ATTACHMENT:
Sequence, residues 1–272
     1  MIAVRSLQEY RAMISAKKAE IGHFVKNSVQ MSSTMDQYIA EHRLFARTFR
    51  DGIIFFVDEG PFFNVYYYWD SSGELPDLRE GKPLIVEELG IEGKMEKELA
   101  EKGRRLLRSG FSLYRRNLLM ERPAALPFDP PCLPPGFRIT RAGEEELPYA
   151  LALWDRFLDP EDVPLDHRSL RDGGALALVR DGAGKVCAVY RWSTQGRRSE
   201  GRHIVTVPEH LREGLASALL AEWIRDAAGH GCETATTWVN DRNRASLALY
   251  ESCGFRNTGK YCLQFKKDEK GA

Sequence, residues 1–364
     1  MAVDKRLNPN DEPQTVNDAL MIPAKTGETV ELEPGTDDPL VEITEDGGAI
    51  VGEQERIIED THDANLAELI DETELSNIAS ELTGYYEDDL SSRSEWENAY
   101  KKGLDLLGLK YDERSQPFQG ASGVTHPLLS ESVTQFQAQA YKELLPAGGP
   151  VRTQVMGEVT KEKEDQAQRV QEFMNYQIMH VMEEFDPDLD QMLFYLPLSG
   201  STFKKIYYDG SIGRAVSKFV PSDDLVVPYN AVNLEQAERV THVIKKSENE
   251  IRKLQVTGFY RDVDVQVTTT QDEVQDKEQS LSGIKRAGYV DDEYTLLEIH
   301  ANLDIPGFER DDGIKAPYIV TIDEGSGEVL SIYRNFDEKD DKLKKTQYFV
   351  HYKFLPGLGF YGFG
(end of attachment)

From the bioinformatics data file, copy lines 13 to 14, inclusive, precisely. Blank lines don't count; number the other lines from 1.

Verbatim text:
   201  STFKKIYYDG SIGRAVSKFV PSDDLVVPYN AVNLEQAERV THVIKKSENE
   251  IRKLQVTGFY RDVDVQVTTT QDEVQDKEQS LSGIKRAGYV DDEYTLLEIH